Questioning taboos entrenched in the Indian psyche from
time immemorial, the SC decided to answer whether a physiological phenomenon
like menstruation can be a guiding factor for denying women the right to
enter and worship in a temple.
Senior advocate Indira Jaising said gender stereotyping
in Indian temples violates the fundamental right to equality under Article
14 of the Constitution.
She asked the court how the healthy biological process of
menstruation is used in the name of religion to discriminate against women.
At one point, Justice Kurian asked whether the
“individual morality” of the Sabarimala deity to remain a celibate should be
subject to the parameters of constitutional morality.
Justice Kurian wondered aloud whether the concept of
‘Nityabrahmachari’ (of the Sabarimala deity) and the tradition of no entry
to women aged between 10 and 55 have really anything to do with
Ms. Jaising insisted that it had, saying the traditional
argument is that women of that age will “disturb” the deity’s celibacy. “The
onus of causing disturbance is on women. If you are true celibate, why blame
women for disturbing you? This is a classical blaming-the-victim game,” she
The students want the apex court to decide whether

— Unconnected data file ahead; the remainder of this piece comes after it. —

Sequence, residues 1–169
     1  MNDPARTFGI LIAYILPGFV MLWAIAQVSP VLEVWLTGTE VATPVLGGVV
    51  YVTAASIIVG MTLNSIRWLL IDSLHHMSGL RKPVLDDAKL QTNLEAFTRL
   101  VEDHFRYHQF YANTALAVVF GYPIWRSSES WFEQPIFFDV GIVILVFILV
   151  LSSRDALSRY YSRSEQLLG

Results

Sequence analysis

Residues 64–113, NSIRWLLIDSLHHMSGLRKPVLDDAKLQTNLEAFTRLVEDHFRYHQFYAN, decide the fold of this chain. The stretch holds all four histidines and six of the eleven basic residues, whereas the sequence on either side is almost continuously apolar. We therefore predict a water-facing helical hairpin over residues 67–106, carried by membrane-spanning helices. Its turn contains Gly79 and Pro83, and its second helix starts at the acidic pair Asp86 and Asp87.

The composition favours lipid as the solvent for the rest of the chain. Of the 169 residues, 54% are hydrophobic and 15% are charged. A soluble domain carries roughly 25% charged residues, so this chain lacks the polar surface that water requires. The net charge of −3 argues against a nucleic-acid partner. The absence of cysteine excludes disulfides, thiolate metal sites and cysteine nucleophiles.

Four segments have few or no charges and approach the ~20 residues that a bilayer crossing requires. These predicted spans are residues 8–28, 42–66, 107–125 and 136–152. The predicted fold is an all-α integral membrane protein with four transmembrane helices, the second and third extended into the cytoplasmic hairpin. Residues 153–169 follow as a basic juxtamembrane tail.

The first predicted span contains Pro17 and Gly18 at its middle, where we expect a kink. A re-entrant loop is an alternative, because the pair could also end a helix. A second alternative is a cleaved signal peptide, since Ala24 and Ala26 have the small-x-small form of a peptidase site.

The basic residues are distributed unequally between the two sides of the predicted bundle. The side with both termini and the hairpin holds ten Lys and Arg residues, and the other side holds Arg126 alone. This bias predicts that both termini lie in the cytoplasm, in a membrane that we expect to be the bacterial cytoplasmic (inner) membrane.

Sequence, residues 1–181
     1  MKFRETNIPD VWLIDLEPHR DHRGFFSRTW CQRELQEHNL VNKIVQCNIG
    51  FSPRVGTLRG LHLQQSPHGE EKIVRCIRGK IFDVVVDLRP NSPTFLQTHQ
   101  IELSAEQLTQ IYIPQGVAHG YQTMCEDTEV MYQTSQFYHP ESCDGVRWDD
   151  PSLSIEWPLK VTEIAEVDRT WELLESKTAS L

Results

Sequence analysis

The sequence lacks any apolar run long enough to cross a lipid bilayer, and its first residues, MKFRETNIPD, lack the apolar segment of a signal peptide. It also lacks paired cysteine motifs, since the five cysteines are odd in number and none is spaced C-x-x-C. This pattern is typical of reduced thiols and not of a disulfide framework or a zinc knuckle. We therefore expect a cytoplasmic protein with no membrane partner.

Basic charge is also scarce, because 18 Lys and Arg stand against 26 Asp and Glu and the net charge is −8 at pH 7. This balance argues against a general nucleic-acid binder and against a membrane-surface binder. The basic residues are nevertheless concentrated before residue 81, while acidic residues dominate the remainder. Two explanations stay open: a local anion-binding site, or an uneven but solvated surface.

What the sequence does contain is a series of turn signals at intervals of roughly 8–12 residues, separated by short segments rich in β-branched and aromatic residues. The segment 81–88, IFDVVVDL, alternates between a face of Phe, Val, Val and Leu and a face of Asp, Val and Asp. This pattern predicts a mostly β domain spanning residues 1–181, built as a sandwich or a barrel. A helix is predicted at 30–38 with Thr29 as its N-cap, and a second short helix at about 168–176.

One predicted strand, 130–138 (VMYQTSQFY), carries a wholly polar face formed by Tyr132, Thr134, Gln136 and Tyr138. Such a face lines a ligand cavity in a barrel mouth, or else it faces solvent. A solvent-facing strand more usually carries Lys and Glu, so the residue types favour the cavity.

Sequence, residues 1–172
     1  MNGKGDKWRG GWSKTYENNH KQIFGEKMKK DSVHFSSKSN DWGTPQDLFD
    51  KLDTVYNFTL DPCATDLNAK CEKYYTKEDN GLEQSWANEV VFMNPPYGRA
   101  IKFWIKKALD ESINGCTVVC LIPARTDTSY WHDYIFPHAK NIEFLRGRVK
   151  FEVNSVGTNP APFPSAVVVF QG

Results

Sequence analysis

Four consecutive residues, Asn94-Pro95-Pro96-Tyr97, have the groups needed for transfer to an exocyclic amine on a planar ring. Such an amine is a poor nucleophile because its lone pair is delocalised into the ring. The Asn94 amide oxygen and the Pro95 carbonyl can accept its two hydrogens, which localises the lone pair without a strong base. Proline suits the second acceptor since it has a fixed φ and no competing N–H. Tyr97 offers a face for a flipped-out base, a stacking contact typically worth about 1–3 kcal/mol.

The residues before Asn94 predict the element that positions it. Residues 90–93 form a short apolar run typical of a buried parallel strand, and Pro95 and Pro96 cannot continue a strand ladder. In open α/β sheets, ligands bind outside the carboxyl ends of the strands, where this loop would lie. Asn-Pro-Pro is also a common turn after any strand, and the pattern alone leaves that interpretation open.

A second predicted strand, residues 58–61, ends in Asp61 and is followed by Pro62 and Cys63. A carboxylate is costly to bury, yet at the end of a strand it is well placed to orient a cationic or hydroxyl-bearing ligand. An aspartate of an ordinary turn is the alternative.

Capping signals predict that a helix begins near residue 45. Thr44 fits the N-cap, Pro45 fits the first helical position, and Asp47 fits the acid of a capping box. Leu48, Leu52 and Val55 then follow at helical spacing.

society should continue to bear with “menstrual discrimination.
The Bombay High Court directed the Board of Control for
Cricket in India (BCCI) to shift the Indian Premier League (IPL) matches
scheduled to be played after April 30 outside the State of Maharashtra.
The court started hearing a public interest litigation (PIL)
plea on April 7 and passed an order on April 13, directing 13 matches
scheduled after April 30 to be moved out of the league.
Four of those were to be played at Wankhede Stadium in
Mumbai, six in the Maharashtra Cricket Association Stadium in Pune and three
in the Vidarbha Cricket Stadium.
The court said, “There is a drought situation in the
State, there is not a drop of water available, all dams are drying” and
asked “whether the State can turn a blind eye to the scarcity of water.”
The Bench observed, “Shifting of IPL matches alone won’t
solve the problem, but it can be a beginning so that water used for pitches
can be diverted to affected areas.”
In its order, the court criticised the Maharashtra
government. “On the one hand the State has filed an affidavit that it has no
objection if the matches are shifted outside, on the other hand it acts as a